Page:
Prak Sokhonn, the Association of Southeast Asian Nations (ASEAN) special envoy for Myanmar, has lamented the “lack of trust” in Myanmar and warned the military junta that the further execution of political prisoners could force the Southeast Asian bloc to reassess its approach toward the country.
Describing the executions of four Myanmar dissidents last month as a “setback” to his efforts to mediate the country’s crisis, the Cambodian foreign minister said the nine other ASEAN members had “agreed to see how things will evolve in the coming weeks and months,” the Associated Press reported.
“If more executions are conducted, then things will have to be reconsidered,” he added. Coming just weeks after Sokhonn said that ASEAN was pushing the military administration too hard and defended his and Cambodia’s policy of pragmatic engagement with Naypyidaw, his comments suggest that the regional bloc has run out of patience with its perpetual problem member.
Prak Sokhonn made the comments at a news conference at the tail end of last week’s clutch of ASEAN-related meetings. A week prior to the meetings, the military junta shocked the Southeast Asian bloc when it executed four pro-democracy activists, despite a personal plea from Cambodian Prime Minister Hun Sen to commute the sentences.
An ASEAN Chairman’s statement from Cambodia later described the act as “highly reprehensible” and said it displayed the junta’s “gross lack of will” to implement ASEAN’s Five-Point Consensus peace plan. The military government agreed to the Consensus in April 2021, two months after it seized power in a coup, but has done virtually nothing to implement it so far.
Prak Sokhonn’s comments repeated the muted warning contained in ASEAN’s joint communique, released on Friday, which stated that the junta’s implementation of the Five-Point Consensus be reviewed at the ASEAN Summit in November, in order “to guide the decision on the next steps.” It said this should be conducted “consistent with Article 20 of the ASEAN Charter,” which states that a member state’s “non-compliance” or its “serious breach” of the Charter can be referred to the ASEAN Summit for a response.
The statement was otherwise relatively moderate, due to the fact that Myanmar’s junta, despite being excluded from last week’s meetings, participated in the drafting of the statement and vetoed stronger condemnations. The final communique noted ASEAN’s nine foreign ministers had “expressed [their] concerns over the prolonged political crisis in the country,” including the execution of the four political activists last month. The statement added that ASEAN is “deeply disappointed by the limited progress in and lack of commitment of the Nay Pyi Taw authorities to the timely and complete implementation of the Five-Point Consensus.”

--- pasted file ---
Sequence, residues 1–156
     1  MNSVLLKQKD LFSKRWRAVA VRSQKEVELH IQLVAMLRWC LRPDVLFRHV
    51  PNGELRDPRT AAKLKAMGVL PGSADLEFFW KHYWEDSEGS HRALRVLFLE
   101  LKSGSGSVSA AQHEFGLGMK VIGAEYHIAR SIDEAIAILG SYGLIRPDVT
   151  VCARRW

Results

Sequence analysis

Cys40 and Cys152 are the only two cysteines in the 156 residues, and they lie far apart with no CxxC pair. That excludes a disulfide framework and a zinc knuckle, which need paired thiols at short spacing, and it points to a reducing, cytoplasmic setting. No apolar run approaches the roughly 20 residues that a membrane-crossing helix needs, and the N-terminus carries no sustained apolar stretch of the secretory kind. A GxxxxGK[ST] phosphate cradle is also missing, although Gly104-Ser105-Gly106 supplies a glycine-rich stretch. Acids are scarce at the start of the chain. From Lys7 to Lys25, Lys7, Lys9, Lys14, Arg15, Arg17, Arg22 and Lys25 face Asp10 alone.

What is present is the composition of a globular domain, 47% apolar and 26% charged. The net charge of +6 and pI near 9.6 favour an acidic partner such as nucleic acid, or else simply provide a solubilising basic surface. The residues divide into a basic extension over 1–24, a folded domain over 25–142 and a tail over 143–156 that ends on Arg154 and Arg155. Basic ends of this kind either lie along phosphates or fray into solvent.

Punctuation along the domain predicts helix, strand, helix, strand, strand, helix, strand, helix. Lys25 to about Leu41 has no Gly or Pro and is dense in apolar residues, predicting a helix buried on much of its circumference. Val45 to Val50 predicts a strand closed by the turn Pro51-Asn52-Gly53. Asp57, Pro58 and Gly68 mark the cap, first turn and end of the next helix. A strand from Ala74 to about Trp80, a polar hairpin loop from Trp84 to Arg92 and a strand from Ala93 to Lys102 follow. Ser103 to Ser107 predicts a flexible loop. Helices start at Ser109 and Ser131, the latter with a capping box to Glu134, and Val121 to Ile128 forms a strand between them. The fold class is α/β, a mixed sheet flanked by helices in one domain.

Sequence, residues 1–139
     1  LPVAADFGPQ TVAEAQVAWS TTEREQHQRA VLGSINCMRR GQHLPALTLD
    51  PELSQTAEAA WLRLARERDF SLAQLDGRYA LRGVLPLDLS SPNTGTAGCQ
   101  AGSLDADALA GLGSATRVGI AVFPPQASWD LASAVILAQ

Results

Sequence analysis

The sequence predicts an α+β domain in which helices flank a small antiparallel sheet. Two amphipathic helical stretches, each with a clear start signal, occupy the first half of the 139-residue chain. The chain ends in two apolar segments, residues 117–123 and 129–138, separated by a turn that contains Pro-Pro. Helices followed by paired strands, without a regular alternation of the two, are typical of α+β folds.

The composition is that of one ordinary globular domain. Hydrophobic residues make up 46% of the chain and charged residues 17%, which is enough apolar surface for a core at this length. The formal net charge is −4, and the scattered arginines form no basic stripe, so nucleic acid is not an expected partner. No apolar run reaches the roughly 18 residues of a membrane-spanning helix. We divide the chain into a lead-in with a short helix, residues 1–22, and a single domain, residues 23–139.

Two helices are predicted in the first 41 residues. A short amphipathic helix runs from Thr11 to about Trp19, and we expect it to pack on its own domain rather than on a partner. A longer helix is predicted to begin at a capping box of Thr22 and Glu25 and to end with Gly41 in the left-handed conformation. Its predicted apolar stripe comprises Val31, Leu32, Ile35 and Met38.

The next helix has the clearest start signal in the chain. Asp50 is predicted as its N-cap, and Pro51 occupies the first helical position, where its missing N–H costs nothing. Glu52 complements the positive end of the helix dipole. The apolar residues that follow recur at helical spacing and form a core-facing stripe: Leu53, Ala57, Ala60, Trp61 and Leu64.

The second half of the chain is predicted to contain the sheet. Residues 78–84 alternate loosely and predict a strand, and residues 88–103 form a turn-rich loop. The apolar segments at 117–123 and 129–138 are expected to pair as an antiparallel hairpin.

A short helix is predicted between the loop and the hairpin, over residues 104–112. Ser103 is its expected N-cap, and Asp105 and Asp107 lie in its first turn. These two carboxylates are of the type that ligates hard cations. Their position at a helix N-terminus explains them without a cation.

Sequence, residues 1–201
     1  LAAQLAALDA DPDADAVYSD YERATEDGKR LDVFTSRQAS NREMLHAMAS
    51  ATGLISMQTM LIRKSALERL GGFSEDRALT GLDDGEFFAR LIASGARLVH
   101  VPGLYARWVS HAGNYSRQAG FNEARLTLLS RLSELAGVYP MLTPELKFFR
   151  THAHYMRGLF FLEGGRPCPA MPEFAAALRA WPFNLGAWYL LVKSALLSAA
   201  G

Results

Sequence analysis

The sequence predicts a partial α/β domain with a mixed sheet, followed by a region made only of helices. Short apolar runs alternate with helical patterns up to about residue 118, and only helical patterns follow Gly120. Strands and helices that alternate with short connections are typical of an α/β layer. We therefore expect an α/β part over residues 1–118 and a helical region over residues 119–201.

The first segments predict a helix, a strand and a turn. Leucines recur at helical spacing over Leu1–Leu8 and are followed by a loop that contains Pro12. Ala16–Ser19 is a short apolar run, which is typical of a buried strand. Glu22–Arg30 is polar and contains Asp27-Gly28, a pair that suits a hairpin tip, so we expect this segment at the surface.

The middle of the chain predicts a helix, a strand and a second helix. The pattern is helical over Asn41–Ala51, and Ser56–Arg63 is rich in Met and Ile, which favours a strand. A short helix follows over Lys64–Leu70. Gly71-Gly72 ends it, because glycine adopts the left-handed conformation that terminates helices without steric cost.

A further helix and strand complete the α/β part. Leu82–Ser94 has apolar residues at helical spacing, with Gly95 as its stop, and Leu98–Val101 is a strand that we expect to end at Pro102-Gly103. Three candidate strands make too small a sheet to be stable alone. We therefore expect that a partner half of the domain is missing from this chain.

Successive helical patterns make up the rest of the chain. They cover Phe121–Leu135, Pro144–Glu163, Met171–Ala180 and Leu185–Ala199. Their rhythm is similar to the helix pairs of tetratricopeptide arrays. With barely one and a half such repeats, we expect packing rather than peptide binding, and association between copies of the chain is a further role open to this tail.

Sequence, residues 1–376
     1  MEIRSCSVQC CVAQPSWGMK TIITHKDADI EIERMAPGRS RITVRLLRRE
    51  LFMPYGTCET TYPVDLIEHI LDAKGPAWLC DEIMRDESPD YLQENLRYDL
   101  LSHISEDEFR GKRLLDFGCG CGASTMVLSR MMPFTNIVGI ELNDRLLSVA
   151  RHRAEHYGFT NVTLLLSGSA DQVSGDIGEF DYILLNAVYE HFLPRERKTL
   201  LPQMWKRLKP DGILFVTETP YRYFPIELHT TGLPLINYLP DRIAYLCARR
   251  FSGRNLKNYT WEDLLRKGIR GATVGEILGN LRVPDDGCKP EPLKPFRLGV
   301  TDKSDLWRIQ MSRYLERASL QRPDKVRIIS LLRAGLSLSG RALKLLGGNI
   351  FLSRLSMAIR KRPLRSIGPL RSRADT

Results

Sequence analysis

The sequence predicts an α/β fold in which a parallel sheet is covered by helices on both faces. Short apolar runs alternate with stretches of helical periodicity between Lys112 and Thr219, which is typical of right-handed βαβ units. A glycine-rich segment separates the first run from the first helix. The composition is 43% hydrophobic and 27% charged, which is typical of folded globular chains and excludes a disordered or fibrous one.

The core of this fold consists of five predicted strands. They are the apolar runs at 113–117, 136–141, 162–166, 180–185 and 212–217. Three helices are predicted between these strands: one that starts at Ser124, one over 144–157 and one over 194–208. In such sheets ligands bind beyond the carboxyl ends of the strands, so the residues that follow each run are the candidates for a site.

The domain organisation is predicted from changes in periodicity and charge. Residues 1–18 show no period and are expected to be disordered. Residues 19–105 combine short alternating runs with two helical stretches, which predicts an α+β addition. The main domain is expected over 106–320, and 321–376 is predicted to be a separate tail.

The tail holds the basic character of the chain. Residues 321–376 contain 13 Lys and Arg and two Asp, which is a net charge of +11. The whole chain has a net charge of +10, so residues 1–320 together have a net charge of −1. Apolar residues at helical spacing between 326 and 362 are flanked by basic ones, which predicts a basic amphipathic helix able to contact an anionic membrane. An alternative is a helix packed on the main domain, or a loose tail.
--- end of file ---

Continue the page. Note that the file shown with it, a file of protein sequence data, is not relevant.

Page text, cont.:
Prak Sokhonn said at Saturday’s news conference that of the three main goals of the Five-Point Consensus – stopping the violence, opening up a political dialogue among all the country’s contending parties, and providing humanitarian aid to those in need – only the last had seen any progress (and even that is arguable).
“The only will I see now is to continue to fight,” he said, adding that without a baseline degree of trust, “the fight will continue and the political process will never start because no one will come if they fear for their life.”
Nothing that the junta has done since last February’s coup suggests that it adopt a genuinely more cooperative approach with ASEAN, as opposed to temporary tactical adherence to some of its less demanding consensus points in order to purchase time to crush the anti-junta resistance.
Sure enough, as the Associated Press reported, the military junta’s foreign ministry issued a statement Friday objecting to the ASEAN joint communique’s reference to the “lack of progress” in implementing the Five-Point Consensus, saying that it neglected Myanmar’s “efforts on its implementation.”
It also said that the four men recently executed were not punished because they were political activists but because they were “found guilty of masterminding, inciting, supporting, arming, and committing terrorist activities which caused tremendous loss of innocent lives.”